Back in 1999, I was writing a column for Microsoft TechNet called “Robichaux on Security.” (Sadly, it’s no longer online). One of my columns was all about how reusable passwords are bad, and how smartcards offered a viable replacement. As it turns out, I was half right—reusable passwords are bad, but smartcards weren’t the silver bullet I was hoping for. Since then, there’s been a steady movement towards multi-factor authentication (MFA) across a range of systems, including Windows Server. The latest step towards a password-free world comes with the recent release of Windows 10, which includes two technologies that work together to reduce dependency on reusable passwords: Windows Hello and Microsoft Passport.
Why reusable passwords stink
Before I talk about Passport and Hello, a quick refresher on why reusable passwords are awful:
- An attacker can steal them. Every place a password is stored, it’s vulnerable (although some storage methods and locations are more vulnerable than others). An attacker who steals a password can impersonate the rightful owner, no questions asked, in any single-authentication-factor system.
- An attacker can guess them. Password cracking tools use lots of smart tricks, including precomputation and large variant dictionaries. Just making your password policy require longer or more complex passwords doesn’t help—”P@ssw0rd1″ is not really any more secure than “password” or “anaphylaxis” because crackers have rulesets that take common terms and permute them automatically by replacing “0” in place of “O” and so on.
- Users often reuse the same password across multiple systems. This problem is made worse because so many consumer-oriented systems use the email address as the user name—an attacker who steals my password from one service can try the same username/password combination against every other service in the world to see if there are matches. (To make things worse, it looks like in most cases, requiring more complex passwords just encourages users to reuse them!)
- Users are often careless with passwords. They pick easily-guessed words or phrases, they write them down, and so on.
I could go into more depth on any of these points, but I trust you get the idea.
Solving the reusable password problem
Solving the problems caused by passwords is tricky. Tightening password policies alone won’t do it, especially because doing so may just encourage users to recycle, share, or write down passwords. Although user education is critical for authentication security, education alone doesn’t eliminate the problem either.
What about multi-factor authentication? The answer there is “it depends.” Just adding more authenticators won’t necessarily help if the new authentication systems add complexity, cost, or fragility. That’s why smartcards haven’t caught on more broadly: the need to issue cards, manage the revocation process, and put readers on every device where you want to use the cards has been a deal breaker at most organizations. On the other hand, SMS messages as a second authentication factor have become popular because they’re simple: most Internet users have the capability to send and receive texts, so using one-time SMS codes has proven to be a pretty decent way to get a second authentication factor out into the world.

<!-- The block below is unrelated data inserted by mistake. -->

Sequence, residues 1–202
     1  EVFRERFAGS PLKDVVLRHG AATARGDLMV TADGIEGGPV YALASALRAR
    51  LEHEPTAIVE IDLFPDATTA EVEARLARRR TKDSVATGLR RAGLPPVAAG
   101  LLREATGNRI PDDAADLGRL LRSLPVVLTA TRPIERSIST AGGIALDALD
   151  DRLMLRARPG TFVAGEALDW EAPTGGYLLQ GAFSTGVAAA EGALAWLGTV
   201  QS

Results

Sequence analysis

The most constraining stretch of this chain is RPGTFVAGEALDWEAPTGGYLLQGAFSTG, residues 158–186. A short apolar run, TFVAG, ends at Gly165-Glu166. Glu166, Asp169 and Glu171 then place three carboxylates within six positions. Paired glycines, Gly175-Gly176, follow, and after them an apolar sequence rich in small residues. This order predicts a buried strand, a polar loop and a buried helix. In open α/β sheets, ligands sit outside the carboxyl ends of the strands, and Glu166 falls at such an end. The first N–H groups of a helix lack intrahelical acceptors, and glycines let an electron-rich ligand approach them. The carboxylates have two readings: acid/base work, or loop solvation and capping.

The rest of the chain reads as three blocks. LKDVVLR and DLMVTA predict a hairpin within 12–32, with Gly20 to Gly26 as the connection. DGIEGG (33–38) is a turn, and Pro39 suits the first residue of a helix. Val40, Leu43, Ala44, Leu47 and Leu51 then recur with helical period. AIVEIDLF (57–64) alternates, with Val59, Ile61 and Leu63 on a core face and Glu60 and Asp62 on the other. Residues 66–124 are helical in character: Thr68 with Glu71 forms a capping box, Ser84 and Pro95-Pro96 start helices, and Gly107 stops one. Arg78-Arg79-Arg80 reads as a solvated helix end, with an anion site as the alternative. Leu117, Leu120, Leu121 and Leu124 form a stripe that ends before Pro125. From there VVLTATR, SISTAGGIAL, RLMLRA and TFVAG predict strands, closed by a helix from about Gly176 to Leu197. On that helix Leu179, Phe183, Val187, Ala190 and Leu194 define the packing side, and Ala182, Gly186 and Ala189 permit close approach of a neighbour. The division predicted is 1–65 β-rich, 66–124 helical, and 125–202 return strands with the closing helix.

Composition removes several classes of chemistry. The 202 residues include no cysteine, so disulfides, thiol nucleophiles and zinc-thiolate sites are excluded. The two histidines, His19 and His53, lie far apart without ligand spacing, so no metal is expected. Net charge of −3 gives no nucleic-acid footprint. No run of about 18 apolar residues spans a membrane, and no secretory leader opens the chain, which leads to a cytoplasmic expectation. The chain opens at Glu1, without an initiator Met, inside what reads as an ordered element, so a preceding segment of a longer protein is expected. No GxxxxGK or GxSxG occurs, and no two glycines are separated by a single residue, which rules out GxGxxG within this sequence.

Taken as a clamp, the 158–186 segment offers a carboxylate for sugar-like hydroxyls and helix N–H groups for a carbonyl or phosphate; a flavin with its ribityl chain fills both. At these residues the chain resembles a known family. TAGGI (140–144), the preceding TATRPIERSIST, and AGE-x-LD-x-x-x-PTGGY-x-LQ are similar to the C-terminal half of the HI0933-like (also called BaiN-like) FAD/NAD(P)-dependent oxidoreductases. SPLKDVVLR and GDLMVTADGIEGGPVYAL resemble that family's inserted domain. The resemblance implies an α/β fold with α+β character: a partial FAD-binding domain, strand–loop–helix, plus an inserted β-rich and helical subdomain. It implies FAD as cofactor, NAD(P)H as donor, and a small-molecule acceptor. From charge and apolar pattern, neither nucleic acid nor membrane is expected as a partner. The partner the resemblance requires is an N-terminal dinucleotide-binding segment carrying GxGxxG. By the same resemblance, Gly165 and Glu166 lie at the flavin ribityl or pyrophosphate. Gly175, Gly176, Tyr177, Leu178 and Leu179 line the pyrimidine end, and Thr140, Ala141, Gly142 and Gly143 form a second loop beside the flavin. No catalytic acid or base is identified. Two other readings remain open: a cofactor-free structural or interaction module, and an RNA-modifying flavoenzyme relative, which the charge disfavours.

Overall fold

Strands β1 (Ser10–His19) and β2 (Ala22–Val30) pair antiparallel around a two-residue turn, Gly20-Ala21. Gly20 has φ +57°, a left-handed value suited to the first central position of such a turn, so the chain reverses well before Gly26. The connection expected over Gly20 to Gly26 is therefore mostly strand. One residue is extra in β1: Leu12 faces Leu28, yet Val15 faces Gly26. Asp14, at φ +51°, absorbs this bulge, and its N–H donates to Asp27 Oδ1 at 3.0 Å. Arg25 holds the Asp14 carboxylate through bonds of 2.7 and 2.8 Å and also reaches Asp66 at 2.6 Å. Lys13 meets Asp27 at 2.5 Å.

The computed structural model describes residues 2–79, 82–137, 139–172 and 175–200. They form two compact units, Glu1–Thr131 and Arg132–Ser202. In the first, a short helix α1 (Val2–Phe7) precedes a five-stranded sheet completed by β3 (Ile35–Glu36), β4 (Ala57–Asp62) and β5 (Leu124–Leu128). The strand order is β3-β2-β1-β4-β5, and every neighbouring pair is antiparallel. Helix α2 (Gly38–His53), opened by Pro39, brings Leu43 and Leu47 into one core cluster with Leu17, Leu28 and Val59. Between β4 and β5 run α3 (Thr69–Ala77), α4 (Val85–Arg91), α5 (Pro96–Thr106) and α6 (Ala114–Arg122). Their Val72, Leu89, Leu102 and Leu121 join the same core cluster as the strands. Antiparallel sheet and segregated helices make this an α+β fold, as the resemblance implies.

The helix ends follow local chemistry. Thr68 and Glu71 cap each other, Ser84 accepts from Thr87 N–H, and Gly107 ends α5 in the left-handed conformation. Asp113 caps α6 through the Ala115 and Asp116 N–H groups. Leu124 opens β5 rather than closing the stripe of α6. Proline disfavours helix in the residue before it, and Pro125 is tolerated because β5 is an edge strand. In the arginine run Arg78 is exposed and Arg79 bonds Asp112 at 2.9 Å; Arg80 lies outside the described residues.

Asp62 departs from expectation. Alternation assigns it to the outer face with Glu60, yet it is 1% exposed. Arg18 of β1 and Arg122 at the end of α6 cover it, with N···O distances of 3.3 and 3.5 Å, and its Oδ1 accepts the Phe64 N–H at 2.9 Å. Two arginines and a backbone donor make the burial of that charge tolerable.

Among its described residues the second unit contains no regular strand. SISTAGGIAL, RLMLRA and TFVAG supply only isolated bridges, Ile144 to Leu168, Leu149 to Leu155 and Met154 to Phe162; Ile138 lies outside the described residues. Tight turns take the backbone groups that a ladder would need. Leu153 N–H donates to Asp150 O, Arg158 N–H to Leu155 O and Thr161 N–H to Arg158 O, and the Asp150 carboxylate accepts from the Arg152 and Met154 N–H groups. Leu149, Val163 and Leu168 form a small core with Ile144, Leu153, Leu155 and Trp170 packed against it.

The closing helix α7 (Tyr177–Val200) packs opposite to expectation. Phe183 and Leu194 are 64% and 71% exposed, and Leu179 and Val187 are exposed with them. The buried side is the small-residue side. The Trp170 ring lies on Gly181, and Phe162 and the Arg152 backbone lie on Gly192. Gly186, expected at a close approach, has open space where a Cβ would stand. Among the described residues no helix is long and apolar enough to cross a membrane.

In Windows 10, Microsoft is tackling these problems with two new technologies: Windows Hello and Microsoft Passport. (And yes, they maybe should have picked a name besides “Passport” given the history of its predecessor, but no one asked me….)
Working together, Hello and Passport help increase both security and user convenience:
- Microsoft Passport replaces passwords with strong device-specific credentials. Applications can request access to credentials from the Passport store. For example, when you register an Office 365 account in Windows 10, and go to an Office 365 app in the Edge browser, you get single sign-on because Edge is smart enough to use the Passport APIs to request access to your stored Office 365 account—and this works even if your PC is domain-joined to a different AD domain, or not domain-joined at all.
- Windows Hello provides a way for users to unlock (or “release”) their Passport credentials. The unlock mechanism can be a PIN, a fingerprint, or facial recognition—or all 3, if your PC is capable. (Facial recognition uses a combination of special infrared cameras and software to increase accuracy and guard against spoofing; major ISVs are getting ready to ship devices with integrated Windows Hello-compatible cameras). Fingerprints are easy—any fingerprint reader that supports the Windows Biometric Framework, which means almost all of them, can be used.
What is Windows Hello?
Formally, Windows Hello is the name given to the new biometric sign-in system built into Windows 10. By building biometric authentication directly into the operating system, Windows Hello allows users to unlock their devices by using face or fingerprint identification; other biometric methods may be added later. An attacker who steals the device can’t log in to it unless they have the ability to produce the associated Hello gesture. Unlocking a device with Hello provides the authorized user access to all her Windows experience, apps, data, websites, and services.
Hello’s authenticator is known as a Hello. A Hello is unique to the combination of an individual device and a specific user. Hellos don’t roam between devices, aren’t shared with a server, and cannot easily be extracted from a device. If a device is shared by multiple users, each user gets a unique Hello for that device.
The best way to think of a Hello is as a token that can be used to release a stored credential—the Hello itself doesn’t authenticate the user to an app or service, but it releases credentials that can.
At the launch of Windows 10, there are three supported Hello types: